Integration of Artificial Intelligence in the Search for Cancer Drugs

Integration of Artificial Intelligence in the Search for Cancer Drugs
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Cancer drugs can take over a decade before they are available in the market. This situation is owed to the lengthy processes involved in making the drugs including human trials and animal testing. A regulatory review is also conducted through which less than 7 percent of the proposed medicines are approved. Therefore, 33 percent of four out of 10 American people have less time to access effective treatment, as estimated by the National Cancer Institute.

In a study published in the medical journal Oncotarget, a team spearheaded by Insilico Medicine aims at reducing the time taken in research using artificial intelligence (AI). Insilico Medicine is a biotech research company based in Baltimore. The researchers came up with two computer networks known as generative adversarial networks. One network proposes new molecules that contain cancer-fighting properties while the other disregards the suggestions by known treatments.

Once the networks are done testing each other, they can be utilized to evaluate compounds in terms of their cancer-fighting abilities. Similarly, a team from Insilico Medicine vetted 72 million chemicals sourced from a public database. The networks correctly identified the drugs by selecting 60 patented cancer medicines.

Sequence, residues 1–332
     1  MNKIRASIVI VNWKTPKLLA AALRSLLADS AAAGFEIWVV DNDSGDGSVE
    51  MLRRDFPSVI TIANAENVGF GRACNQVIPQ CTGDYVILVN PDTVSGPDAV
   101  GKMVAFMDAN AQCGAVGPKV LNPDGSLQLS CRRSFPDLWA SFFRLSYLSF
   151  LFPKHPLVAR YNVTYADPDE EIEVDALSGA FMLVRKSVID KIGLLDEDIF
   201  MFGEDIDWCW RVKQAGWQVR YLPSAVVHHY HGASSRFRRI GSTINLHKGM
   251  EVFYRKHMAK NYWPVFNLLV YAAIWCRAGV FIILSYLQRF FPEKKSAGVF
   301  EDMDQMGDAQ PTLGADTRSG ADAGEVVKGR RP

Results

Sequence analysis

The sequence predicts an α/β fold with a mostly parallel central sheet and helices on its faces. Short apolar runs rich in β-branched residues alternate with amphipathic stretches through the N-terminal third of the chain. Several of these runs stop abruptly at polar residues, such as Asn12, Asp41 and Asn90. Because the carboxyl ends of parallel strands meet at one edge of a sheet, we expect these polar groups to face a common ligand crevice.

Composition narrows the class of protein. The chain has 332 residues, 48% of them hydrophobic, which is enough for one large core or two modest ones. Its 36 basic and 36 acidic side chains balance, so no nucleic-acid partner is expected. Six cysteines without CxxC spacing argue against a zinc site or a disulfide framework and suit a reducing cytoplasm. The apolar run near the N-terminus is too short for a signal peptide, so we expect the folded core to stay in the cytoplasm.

Researchers can narrow down the number of new cancer treatment in a month to just 100 most potential leads. Mainly, this is because the in silico (computer-tested) technique is faster compared to the in vitro experimentation. For failed drugs, an extra 1.6 billion is added to the cost of every successful medicine. Hence, a reduced number of potential leads means millions or even billions would be saved in terms of labor and resources. This approach is not only cost-effective but also promotes faster development of cancer treatment drugs.

However, the application of in silico faces critics from a few individuals like Mamoshina who asserts that numerous cancer researchers are unaccustomed with artificial intelligence, which can yield doubt. Olexandr Isayev, an assistant professor at UNC, also ascertains the existence of a wave of excitement regarding the cutting-edge technology that is yet to produce material results. Additionally, he pointed out that the predictions could be wrong since they are computational.

Instead of licensing the technology in a software-as-a-service model, Insilico Medicine is intensifying the research into those molecules identified by the networks to contain cancer-fighting potential. After the compounds are passed through the traditional in vitro testing, they will then be licensed to pharmaceutical companies for additional regulatory review and marketing if everything works out. Recently, sources announced that Insilico Medicine has partnered with pharmaceutical giant GlaxoSmithKline in a bid to apply the new research techniques.

Judging by its decision to license the discovered drugs as opposed to the tools of discovery, Insilico Medicine’s firm belief in the new research method is evident. However, for the company to clear any doubt that AI can eradicate the guesswork associated with early drug discovery; it requires providing more proof from the lab.

Original source Newsweek

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